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When I first came across Johann Rist's Break forth, O beautious heavenly light, the text instantly struck me as being a sort of poetic fanfare, I and knew I had to write something that would communicate the excitement of the text. Originally I wrote this piece for double brass quintets, simply putting the emotion of the text into music. However, as I continued to write, I felt the power of the whole message was lost if the words were excluded. I then rewrote the piece for double a cappella choir and it turned into what you're hearing today.
I knew I wanted a big sound, so I incorporated a lot of divisi, chord clusters and unison passages which can all be heard throughout the piece. Once I discovered that the music was better with text, my job became a lot easier as I could now draw heavily on word painting. Once example is the word "light" near the beginning of the piece. Here each voice is singing their own individual notes and tempo thus creating a beautiful sonorous quality depicting light's shimmering quality.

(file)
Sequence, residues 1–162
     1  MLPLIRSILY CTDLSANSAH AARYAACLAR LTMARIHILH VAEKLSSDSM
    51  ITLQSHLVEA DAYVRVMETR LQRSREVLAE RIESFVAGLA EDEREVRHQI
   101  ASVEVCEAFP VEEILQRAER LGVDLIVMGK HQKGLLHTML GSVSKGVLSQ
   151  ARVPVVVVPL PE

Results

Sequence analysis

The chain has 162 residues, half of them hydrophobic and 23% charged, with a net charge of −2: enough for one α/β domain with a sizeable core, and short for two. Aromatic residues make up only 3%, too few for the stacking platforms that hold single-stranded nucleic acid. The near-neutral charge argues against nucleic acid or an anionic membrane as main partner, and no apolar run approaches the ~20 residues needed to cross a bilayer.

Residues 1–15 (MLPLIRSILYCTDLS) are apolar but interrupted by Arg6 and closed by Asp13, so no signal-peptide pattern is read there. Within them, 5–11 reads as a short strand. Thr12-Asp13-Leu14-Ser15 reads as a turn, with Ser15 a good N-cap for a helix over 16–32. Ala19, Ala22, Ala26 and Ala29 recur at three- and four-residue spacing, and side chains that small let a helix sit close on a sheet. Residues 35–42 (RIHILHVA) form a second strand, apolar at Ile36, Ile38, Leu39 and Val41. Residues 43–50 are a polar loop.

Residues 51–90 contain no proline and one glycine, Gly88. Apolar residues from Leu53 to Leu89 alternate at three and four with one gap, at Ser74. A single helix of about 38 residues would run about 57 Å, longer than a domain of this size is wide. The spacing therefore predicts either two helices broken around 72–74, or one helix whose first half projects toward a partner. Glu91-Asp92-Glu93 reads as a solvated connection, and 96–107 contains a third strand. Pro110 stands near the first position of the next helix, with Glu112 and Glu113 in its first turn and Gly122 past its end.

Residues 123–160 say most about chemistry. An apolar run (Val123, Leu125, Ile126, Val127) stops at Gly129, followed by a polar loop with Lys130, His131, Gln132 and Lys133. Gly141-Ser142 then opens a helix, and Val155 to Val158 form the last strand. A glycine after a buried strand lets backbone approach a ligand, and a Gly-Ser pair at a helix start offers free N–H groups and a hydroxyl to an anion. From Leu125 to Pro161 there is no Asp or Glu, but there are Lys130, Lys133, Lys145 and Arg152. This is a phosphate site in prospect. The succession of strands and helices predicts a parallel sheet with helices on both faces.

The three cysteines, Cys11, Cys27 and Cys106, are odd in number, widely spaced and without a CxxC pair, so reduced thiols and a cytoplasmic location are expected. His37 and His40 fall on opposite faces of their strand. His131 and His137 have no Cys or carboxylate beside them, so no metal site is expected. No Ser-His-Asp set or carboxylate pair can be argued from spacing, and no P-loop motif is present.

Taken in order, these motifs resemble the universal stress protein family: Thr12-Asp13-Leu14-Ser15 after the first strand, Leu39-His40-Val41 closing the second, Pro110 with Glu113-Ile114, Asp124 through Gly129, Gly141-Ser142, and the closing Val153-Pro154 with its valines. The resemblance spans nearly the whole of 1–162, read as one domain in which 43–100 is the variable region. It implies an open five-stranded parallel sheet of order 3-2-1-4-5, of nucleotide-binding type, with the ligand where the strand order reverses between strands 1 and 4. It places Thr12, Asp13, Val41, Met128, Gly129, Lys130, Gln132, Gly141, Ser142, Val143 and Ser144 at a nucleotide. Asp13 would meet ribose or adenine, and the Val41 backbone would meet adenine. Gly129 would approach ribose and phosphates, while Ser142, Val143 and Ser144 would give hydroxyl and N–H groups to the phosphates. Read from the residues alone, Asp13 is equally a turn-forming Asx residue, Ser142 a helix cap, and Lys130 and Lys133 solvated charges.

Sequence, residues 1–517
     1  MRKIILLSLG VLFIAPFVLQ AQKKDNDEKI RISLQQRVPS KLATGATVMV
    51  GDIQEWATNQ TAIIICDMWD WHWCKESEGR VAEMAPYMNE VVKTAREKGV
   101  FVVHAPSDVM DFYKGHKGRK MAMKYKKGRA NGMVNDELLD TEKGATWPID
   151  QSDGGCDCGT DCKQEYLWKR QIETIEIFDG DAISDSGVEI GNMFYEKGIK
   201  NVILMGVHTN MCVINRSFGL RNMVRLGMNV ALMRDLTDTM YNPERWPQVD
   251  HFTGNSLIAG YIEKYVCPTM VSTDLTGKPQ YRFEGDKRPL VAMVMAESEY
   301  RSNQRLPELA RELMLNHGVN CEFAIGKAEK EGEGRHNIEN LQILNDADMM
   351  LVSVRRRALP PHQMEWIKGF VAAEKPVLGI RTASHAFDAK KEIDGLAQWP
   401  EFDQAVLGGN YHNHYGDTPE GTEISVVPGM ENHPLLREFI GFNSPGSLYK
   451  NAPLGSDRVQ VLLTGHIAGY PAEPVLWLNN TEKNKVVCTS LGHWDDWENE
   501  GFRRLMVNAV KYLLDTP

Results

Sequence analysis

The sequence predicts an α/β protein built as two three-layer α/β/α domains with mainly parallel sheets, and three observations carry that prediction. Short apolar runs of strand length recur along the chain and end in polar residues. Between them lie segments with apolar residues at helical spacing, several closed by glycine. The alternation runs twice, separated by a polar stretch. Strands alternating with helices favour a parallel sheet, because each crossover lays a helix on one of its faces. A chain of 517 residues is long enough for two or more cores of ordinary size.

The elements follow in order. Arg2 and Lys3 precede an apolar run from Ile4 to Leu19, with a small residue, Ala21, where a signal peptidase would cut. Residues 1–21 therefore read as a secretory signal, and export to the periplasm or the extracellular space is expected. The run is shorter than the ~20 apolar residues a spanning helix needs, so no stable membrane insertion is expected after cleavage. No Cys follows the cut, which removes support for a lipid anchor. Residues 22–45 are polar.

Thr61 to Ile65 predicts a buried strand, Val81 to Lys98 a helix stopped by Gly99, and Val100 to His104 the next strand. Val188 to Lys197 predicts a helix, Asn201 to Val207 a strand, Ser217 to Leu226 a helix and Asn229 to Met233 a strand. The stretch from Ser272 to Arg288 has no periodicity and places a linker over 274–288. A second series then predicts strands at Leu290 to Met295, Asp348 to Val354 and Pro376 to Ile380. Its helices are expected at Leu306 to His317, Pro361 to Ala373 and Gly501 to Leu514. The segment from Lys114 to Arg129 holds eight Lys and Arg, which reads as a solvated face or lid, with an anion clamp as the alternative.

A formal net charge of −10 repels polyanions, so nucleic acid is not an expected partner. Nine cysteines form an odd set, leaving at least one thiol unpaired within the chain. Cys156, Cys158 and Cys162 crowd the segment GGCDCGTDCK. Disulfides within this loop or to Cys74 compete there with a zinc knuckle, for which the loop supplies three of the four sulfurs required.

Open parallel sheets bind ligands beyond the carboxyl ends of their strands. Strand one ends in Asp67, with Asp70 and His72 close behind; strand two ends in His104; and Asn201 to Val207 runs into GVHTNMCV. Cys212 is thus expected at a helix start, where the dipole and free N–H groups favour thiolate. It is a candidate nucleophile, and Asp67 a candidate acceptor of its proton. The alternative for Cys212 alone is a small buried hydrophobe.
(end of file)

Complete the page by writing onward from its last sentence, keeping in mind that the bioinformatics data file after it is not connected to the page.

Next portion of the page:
The dictionary definition of a fanfare is 'a short ceremonial tune or flourish played on brass instruments, typically to introduce something or someone of importance.' Since the original hymn from which this text was taken is a Christmas hymn declaring Jesus' birth, I felt the title of "Fanfare," although not played by brass, was still appropriate.
For anything not permitted by the above licence then you should contact the publisher first to obtain permission.
Reviews of Fanfare for A Cappella Double Choir
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